Free galleries to explore in Melbourne – part two

After you’ve explored the big names dotted along Melbourne’s arts precinct and seen all that Flinders Lane has to offer, take a step outside the norm and check out more of Melbourne’s free art galleries. From the heights of Swanston Street’s heritage buildings to the contemporary feats within Docklands, these are the places you need to visit for your next cultural fix.

Vertical Galleries

Tolarno Galleries

Take the lift to the fourth floor of an art deco building on Exhibition Street (between Collins and Little Collins streets) and step into the rarefied atmosphere of Tolarno Galleries. Famed for its reflective dark polished concrete floors, the gallery has been in operation since 1967 and has been under the helm of Jan Minchin since 1993. Tolarno represents some of Australia’s most well-known artists, from Ben Quilty and Bill Henson to Patricia Piccinini and Rosemary Laing. Visit in June and July to see Melbourne artist Dan Moynihan’s solo show ‘Mixed Emotions‘, inspired by (and born out of) the paint samples at a Bunnings in Moorabbin. 

A sculpture of a man and paintings in a modern art gallery space

Tolarno Galleries

West Space 

On level 1 of the City Village on Bourke Street, West Space is a not-for-profit contemporary art space that blends the creative freedom and risk-taking of an artist-run space with the professional infrastructure of a contemporary art institution. Leading local and international artists are supported and mentored in their practice, resulting in works that are experimental and challenging. Visit from 1 July to experience the six-week long takeover of the gallery by artist collective ‘this mob’, where Aboriginal and Torres Strait Islander artists will be sharing, creating and discussing their artwork.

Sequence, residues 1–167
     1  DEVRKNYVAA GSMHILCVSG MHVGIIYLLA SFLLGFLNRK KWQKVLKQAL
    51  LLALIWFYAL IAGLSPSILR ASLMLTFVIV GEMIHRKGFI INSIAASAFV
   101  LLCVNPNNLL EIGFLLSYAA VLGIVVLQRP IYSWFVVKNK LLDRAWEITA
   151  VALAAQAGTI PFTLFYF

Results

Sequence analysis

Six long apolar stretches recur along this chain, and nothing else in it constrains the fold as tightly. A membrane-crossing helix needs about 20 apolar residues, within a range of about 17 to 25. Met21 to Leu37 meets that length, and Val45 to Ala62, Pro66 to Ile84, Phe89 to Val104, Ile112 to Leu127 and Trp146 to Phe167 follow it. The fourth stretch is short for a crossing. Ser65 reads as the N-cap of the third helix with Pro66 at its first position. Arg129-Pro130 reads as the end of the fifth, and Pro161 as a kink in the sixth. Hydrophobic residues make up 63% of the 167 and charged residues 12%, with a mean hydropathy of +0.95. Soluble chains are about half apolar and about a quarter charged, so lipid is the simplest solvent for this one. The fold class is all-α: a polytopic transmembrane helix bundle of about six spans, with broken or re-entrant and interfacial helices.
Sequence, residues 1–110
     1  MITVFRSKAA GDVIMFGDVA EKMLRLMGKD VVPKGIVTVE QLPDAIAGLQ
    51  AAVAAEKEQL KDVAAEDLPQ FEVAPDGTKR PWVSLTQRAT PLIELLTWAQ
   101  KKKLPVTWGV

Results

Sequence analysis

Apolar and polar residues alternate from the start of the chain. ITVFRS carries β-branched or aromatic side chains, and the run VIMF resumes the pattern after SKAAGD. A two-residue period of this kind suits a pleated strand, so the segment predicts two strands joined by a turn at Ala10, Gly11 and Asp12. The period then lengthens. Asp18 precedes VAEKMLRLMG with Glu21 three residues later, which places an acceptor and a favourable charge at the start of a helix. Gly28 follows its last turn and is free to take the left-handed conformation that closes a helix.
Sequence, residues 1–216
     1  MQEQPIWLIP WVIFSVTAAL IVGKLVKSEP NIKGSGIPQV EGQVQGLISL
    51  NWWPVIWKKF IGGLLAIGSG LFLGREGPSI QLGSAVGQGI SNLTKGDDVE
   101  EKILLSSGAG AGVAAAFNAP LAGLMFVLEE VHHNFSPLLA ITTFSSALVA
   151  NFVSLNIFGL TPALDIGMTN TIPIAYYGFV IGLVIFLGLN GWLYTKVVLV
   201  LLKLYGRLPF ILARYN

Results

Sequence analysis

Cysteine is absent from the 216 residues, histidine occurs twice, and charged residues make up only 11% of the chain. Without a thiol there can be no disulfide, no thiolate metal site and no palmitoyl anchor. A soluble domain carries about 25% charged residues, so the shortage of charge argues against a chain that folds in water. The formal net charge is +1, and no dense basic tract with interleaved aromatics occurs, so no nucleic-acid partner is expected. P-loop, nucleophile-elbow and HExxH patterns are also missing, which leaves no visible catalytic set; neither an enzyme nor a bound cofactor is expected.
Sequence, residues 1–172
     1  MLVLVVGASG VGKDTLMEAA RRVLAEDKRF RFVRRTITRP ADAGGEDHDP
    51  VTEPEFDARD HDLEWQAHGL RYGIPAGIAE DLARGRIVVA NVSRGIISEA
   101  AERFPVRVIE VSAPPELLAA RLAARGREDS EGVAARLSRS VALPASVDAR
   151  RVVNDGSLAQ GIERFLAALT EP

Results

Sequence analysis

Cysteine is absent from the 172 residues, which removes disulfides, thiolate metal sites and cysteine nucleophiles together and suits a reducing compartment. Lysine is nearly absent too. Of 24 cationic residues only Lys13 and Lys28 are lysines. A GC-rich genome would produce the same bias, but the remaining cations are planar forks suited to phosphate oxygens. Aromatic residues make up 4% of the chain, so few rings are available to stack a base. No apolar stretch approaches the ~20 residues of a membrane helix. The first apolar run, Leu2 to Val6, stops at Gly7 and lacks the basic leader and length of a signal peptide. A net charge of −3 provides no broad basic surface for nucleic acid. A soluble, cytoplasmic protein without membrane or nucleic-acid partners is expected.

KINGS Artist-Run

Up an unassuming, narrow flight of stairs on busy King Street, KINGS Artist Run supports distinctive experimental projects by artists at all stages of their careers. From June to August, KINGS supports an emerging writers program with the aim of providing a platform for further critical discourse around the KINGS Exhibition Program. Check out their June exhibitions here.

Crowther Contemporary

Part of the Docklands Art Collective, Crowther Contemporary is located at the District Docklands. Run by artist Jonathan Crowther, the site offers space for early career artists and curators to develop their practice in a supportive environment. 

The Nicholas Building

A hub for creatives and designers, this remarkable building is also a hotspot for galleries. Going up!

Kimono House

Head to level 2 to find Kimono House, a beautiful space dedicated to Japanese textiles and craft. A limited collection of contemporary shibori textile accessories selected from the studios of Kyoto designers will be available in the Kimono House shop throughout the Melbourne winter months.

A mannequin dressed in a kimono

Kimono House

Caves

An intimate not-for-profit space on level 6, Caves quickly made its mark upon opening in 2015 with the distinctive curatorial eye of directors Storm Gold and Kez Hughes. Previous exhibitions have included work from collaborative duo Nigel Lendon / Lucina Lane and sculptor Kate Ellis in July-August. A second space across the hall is also in the works.

Blindside

On level 7 is Blindside, a not-for-profit and artist-run space. Here artists and curators at all career stages present exhibitions, performances, screenings and ephemeral projects that strive to activate and expand the possibilities of contemporary art. Upcoming exhibitions include There is a Wall Dissolving, featuring site responsive displays from artists Stephanie Hosler and Erin Hallyburton – think quilts moisturised with lard, white walls painted with cosmetics and sound-absorbing textiles. Running until 13 July.

A view of a church from a window in a gallery

Blindside

Cage Me a Peacock

Also on level 7 is the eccentric artist-run not-for-profit gallery, Cage Me a Peacock. A space for challenging interdisciplinary artists, audiences can expect a diverse range of artistic practices in an intimate setting.

Want to see more of Melbourne’s amazing art? Check out part one of our free gallery guide.